Thunder Road grows right along with fireworks, airshow - News, Weather & Sports

Thunder Road grows right along with fireworks, airshow

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LOUISVILLE, KY (WAVE) - Plush motor homes and tricked-out campers have turned one parking lot near Louisville Slugger Field into Thunder Road in celebration of Louisville's annual fireworks celebration. 

Many denizens see one another only for Thunder Over Louisville, but they've attended for so many years they're able to pick up right where they left off the year before.

Angels' wings may have delivered Hayden Tuten and Amber Franklin Louisville's waterfront Thunder Eve.

"They're fast and they're loud," said Hayden, a first-grader who attends Minors Lane Elementary.

"I got excited when just a regular plane was close," said Franklin, who is attending her first Thunder Over Louisville. "So when I saw the Blue Angels, I was like ecstatic."

But Heaven adjoins Slugger Field. At least, it's just what Dr. Rick Cales ordered.

"We go sit in each other's chairs-eat each other's food., even drink each other's drinks sometimes," Cales said. "It's a community. It very much is."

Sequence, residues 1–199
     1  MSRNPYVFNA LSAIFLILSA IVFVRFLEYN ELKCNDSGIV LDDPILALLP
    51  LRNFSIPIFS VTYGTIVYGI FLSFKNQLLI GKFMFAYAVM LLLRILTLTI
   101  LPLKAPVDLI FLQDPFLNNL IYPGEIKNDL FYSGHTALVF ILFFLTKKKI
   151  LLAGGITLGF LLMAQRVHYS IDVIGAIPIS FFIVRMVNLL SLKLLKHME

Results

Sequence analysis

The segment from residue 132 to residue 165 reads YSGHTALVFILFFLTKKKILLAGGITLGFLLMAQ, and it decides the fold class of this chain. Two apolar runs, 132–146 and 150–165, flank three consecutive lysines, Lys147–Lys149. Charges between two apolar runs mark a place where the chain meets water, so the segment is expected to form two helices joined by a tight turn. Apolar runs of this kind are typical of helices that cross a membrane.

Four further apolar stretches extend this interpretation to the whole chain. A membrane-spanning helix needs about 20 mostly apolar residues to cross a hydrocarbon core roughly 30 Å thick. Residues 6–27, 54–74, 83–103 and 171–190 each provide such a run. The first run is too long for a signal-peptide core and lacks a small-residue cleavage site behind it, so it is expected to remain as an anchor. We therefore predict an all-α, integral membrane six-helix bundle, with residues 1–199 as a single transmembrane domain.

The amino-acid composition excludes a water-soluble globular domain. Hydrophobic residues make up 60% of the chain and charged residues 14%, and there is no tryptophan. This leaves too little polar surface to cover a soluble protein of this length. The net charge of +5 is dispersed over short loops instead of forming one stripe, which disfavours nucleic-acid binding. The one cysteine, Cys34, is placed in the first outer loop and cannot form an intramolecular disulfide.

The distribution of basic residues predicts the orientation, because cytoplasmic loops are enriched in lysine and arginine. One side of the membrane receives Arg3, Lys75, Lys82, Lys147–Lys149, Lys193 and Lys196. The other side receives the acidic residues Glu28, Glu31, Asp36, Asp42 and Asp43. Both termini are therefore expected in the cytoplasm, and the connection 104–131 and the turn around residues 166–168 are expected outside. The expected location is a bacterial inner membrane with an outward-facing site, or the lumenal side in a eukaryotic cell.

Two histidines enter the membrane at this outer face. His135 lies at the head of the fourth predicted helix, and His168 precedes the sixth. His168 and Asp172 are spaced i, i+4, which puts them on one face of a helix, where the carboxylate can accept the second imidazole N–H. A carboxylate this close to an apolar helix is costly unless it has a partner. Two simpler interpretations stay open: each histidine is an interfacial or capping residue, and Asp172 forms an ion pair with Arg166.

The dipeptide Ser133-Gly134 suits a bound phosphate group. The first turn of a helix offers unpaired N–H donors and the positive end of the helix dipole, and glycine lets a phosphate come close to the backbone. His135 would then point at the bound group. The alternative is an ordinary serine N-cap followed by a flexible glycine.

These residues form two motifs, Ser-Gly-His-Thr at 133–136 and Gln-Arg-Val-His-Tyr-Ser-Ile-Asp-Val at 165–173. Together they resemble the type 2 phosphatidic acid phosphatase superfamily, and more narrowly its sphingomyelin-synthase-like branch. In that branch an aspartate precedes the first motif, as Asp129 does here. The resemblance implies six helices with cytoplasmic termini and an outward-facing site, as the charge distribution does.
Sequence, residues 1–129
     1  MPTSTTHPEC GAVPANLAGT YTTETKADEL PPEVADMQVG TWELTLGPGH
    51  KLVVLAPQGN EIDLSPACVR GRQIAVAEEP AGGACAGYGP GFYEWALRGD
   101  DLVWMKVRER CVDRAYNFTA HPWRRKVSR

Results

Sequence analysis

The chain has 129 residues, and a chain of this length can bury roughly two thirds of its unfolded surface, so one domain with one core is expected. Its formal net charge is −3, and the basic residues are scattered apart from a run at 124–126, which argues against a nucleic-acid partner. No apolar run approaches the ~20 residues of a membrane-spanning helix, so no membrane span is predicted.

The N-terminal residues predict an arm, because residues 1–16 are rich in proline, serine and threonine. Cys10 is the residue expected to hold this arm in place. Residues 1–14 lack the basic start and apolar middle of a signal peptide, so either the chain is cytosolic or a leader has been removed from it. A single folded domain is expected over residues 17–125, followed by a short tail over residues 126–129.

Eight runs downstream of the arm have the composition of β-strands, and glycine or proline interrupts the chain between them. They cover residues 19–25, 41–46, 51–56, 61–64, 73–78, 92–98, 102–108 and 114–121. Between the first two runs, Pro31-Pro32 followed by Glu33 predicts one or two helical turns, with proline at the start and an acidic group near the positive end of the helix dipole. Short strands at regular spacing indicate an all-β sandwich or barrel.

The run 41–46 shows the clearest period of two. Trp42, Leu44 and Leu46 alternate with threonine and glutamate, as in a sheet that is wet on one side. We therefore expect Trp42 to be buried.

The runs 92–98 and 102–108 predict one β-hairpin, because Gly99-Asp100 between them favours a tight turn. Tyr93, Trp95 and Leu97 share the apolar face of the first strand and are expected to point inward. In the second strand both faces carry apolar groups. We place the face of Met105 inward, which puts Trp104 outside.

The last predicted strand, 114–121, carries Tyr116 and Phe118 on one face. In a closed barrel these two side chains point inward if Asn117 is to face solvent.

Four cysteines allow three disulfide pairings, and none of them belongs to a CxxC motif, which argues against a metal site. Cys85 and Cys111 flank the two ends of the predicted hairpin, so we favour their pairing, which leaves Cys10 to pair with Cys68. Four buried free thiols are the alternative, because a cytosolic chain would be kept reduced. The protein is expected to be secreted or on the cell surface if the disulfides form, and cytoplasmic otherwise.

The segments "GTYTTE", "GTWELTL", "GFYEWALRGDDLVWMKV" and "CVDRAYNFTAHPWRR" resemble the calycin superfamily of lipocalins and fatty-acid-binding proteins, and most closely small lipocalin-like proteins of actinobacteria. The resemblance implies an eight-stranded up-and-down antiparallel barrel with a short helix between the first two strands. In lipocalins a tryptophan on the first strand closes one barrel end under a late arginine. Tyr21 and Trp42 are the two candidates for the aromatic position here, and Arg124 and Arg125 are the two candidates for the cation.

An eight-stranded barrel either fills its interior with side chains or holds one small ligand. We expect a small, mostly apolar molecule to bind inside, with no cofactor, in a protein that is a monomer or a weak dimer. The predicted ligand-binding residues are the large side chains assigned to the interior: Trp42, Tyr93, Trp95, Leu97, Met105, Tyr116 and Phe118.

They've nicknamed the parking lot full of motor homes, campers and other recreational vehicles Thunder Road. Kentucky Wildcats and Louisville Cardinals fans hoist their banners to profess their loyalties, but clash only in what appeared to be a never-ending game of cornhole.

Playing host or hostess is no small endeavor.

"Just with our group, probably a little over a hundred will show up," second-year Thunder attendee Ann-Micheal Wilson said.

Her friends' camper accommodates nine. Neighboring motor homes resemble condominiums, with fine cabinetry, double-sinks and hot-water showers. A front-row space with a million dollar view for Thunder's airshow and fireworks show goes for $400.

"But when it comes down to family and friends, how can you put a price tag on that?" asked Joe Cunningham, an executive with UPS and a Thunder regular.

Newcomers are always welcome, but new problems aren't.

"There has been some concern over the disturbances downtown," Wilson said.

Hayden's grandmother, Rhonda Tuten, shares that.

"We'll keep our eyes open," she said. "Very limited, where I'm gonna take him."

But Greg Cloud's family is firmly grounded. "There's a lot of great things that happen in this city," he said. "And there's no way I'm gonna allow one set of circumstances or situation to change what we've done for a number of years  down here," he said.

Cloud and Cunningham each claim the other acts as Thunder Road's unofficial mayor.

They stand as one on the issue of the day.

"It's safe," Cunningham said. "We spent the night last night. We're not gonna leave ‘til Sunday."

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